Laser pulses could allow more accurate tumor detection in the near future

If you play a guitar string, you will hear a note, whose tone will depend on the string diameter and on the string tension. This sound is not just made of a pure (“single”) vibration, which would sound rather ugly and boring, but rather to the overlap of several acoustic frequencies playing simultaneously, which makes the note “round” and pleasant. More than that: it makes the note unique. You will be able, in fact, to tell it’s a guitar and not a piano, or even which kind of guitar. The very same concept applies to the voice of people: you can easily distinguish two persons pronouncing the same sentence at the phone because they have a different tone. The ensemble of the vibrating frequencies that form the sound and the voice is called the timbre. In physics, we call it spectrum, and it not only applies to sound but also to light, indicating its various frequency components, i.e. its colors!

This is a typical vibrational spectrum of a cell. The various peaks correspond to the notes of the various molecules present and can be used for the precise characterization of the cell content and cell state. Credit: adapted from J. R. Thomas, Annu. Rev. Biophys. Biomol. Struct. 28, 1 (1999), http://dx.doi.org/10.1146/annurev.biophys.28.1.1.

This is a typical vibrational spectrum of a cell. The various peaks correspond to the notes of the various molecules present and can be used for the precise characterization of the cell content and cell state. Credit: adapted from J. R. Thomas, Annu. Rev. Biophys. Biomol. Struct. 28, 1 (1999), http://dx.doi.org/10.1146/annurev.biophys.28.1.1.

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Using Light for Manufacturing and Analysis

Two challenging issues in biological testing are devices’ portability and to using as little sample as possible. With this framework in mind, lab-on-a-chip devices play a major role, as they aim to integrate most of the facilities of a biology or chemistry laboratory in just a few millimeters device. They are basically made of micrometer size channels, where samples are separated, selected and mixed, and they also integrate some kind of testing system to analyze them. Optofluidic devices are a particular type of lab-on-a-chip device where light is used to test and handle samples. The use of light to analyze biological samples is widely spread as it is fast, highly accurate and, in some particular cases, allows for the analysis of samples after undergoing some pre-treatment  which might change its properties.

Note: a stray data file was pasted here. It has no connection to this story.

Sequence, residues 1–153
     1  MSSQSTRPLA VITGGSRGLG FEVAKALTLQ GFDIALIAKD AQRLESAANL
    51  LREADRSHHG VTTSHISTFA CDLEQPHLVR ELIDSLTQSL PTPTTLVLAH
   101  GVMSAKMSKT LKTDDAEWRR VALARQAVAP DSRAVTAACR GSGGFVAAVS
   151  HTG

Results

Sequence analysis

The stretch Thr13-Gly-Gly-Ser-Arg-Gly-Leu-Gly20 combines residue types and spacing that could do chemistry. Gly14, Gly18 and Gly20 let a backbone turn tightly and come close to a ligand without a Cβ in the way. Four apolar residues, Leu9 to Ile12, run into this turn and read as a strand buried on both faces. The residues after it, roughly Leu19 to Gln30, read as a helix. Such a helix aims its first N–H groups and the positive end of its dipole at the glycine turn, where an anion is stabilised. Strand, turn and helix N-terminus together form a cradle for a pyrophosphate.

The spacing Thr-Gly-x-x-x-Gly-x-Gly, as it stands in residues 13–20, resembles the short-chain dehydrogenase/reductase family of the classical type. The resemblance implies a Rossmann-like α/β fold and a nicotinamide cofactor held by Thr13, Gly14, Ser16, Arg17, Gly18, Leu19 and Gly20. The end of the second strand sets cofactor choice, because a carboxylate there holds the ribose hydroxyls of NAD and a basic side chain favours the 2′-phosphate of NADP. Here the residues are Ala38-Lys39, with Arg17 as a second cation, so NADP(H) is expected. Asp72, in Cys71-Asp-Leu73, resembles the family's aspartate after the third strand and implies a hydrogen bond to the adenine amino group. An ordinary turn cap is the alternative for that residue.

Among the several technologies used to build optofluidic devices micromachining with femtosecond lasers is quite promising, as it allows to produce both the micrometer channels for fluid sample travelling and the optical networks needed for analysis. Thanks to its unique 3D capabilities, the channels can be integrated with the optical networks using the same laser. Although this technology is not suitable for mass-producing labs-on-a-chip, it is quite interesting in the fast prototyping of new devices  as you have an idea and you can make and test your device in a few hours. If you are satisfied with the outcome, you can then think about mass producing the device using a different technique, such as photolithography.

3D rendering of the monolithic optical stretcher fabricated by femtosecond laser micromachining. The cells flowing in the microchannel are trapped and stretched in correspondence of the dual beam trap created by the optical waveguides. Connections to capillaries and optical fibers are also shown. Credit: OSA

3D rendering of the monolithic optical stretcher fabricated by femtosecond laser micromachining. The cells flowing in the microchannel are trapped and stretched in correspondence of the dual beam trap created by the optical waveguides. Connections to capillaries and optical fibers are also shown. Credit: OSA

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